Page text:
Actually, it’s just one thing.
It’s OK to change your mind.
There’s something in those unquestionable lessons of life that seem to say know your self, decide who you are and – most importantly – stick with it. Like, choosing your career before you are old enough to drive, or whether or not you’re homosexual before you know what it’s like to negotiate whose turn it is to put the bins out, week after week. The older I get, the better I see that this is clearly nonsense. When it comes down to it, there are few hard-and-fast facts about ourselves that won’t ever change.
Take crisps, for example. I like a crisp and can hazily remember the life-transforming moment around 45 years ago when I discovered that salt ‘n’ shake is not the only flavour. I’m an adventurous eater. It felt like a one-way trip – destination taste sensation – until now, that is. The humble ready salted (why ‘ready’, do you think?) is now my snack of choice – salty, crunchy and utterly perfect, while I can’t be doing with those flurescent-flavoured, e-numbered bags of god-knows-what.
It was while pondering the crinkle-cut volte-face that I found myself looking for a shoe horn. The blasted thing had moved (unaccountably as these things always are). I have one nearby in all the places I habitually put my shoes on. Or, at least, I do these days. A couple of years ago I was still in the ‘what’s the point of a shoe horn?’ era. I’m a no-dressing-aids-required kind of person. And now I’m not however, I can’t explain why my menopausal heels require the assistance of a piece of plastic to get into my shoes. What additional hormone-cursed misery can there be? And another fundamental shift in the understanding of Who I Am.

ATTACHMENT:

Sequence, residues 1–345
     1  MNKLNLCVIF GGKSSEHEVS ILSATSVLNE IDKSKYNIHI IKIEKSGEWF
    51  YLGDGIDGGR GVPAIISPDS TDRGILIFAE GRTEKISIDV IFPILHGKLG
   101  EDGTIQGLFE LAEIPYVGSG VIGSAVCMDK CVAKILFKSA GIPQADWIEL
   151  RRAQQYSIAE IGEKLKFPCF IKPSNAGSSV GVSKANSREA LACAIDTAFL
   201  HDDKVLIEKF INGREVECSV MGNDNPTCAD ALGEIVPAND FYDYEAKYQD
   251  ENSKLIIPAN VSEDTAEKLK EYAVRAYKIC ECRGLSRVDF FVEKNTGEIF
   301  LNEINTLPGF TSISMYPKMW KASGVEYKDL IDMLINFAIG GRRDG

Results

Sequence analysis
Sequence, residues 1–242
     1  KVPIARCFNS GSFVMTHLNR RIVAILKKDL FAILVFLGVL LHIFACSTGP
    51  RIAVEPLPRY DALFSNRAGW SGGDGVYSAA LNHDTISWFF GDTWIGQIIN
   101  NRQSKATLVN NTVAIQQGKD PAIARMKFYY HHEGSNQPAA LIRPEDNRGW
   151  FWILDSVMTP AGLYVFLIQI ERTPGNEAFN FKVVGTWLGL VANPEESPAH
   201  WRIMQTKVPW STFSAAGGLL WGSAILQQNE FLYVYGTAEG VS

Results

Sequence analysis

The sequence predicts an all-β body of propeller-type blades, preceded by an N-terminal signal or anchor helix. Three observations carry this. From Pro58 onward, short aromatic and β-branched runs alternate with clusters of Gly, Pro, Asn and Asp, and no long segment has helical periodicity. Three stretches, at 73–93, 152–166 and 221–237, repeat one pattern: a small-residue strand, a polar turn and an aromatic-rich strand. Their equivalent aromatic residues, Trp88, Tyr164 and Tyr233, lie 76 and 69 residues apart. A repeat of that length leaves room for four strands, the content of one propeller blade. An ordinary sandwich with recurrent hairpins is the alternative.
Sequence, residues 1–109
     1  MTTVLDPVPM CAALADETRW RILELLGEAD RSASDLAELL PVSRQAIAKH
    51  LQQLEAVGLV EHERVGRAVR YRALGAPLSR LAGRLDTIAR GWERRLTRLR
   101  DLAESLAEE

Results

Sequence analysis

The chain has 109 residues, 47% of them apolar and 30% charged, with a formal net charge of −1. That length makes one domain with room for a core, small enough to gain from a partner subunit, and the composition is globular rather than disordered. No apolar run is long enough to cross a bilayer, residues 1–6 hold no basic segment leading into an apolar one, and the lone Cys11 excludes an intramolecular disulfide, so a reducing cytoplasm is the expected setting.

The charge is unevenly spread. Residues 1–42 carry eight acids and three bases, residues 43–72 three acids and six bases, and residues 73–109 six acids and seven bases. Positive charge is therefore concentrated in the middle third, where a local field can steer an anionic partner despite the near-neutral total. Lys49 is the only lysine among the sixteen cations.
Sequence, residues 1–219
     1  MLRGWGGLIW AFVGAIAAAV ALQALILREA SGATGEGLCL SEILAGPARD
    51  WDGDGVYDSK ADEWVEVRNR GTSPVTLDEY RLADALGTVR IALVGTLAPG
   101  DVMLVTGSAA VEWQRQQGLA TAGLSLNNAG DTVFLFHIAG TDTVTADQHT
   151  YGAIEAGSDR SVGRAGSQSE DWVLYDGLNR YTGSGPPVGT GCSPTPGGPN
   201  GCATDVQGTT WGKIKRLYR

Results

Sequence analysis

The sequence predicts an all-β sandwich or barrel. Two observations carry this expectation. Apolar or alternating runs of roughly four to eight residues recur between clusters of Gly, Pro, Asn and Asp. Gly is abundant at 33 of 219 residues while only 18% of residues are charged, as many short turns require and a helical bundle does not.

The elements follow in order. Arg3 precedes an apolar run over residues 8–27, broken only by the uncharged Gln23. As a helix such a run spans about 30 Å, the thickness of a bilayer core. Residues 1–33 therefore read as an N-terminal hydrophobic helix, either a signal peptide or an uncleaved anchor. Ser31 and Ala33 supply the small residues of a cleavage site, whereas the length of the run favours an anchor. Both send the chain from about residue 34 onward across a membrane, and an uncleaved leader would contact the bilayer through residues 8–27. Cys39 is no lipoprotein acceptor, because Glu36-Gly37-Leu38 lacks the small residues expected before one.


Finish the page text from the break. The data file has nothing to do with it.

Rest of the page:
So far, so trivial. But what about the big things we decided about ourselves: The ones where we decided to love unconditionally: to mother without tiring, to take our sharp elbows to the workplace, and to maintain our Standards throughout? Yeah, them…
Especially when we came to those conclusions way back. Back before we learned what exhausted really feels like, when we still believed ‘having it all’ was a good thing, and when we thought the playing field was merely bumpy rather than tilted so steeply as to need an ‘engage low gear now’ sign.
I used to be the kind of person who finds a snappy and uplifting conclusion to all this introspection, but, interestingly, that’s changed too. Pass the crisps and I’ll let you know when I make up my mind…